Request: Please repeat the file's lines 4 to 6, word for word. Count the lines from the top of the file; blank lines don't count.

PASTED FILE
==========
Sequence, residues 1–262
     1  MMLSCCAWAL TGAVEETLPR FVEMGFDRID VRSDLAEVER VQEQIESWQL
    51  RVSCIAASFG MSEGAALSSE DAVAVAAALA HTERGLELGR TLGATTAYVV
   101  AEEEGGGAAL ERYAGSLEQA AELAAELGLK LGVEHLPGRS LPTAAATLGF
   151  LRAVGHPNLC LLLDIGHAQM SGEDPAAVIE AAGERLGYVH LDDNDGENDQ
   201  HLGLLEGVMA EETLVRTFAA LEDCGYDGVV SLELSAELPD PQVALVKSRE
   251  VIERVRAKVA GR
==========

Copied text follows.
   101  AEEEGGGAAL ERYAGSLEQA AELAAELGLK LGVEHLPGRS LPTAAATLGF
   151  LRAVGHPNLC LLLDIGHAQM SGEDPAAVIE AAGERLGYVH LDDNDGENDQ
   201  HLGLLEGVMA EETLVRTFAA LEDCGYDGVV SLELSAELPD PQVALVKSRE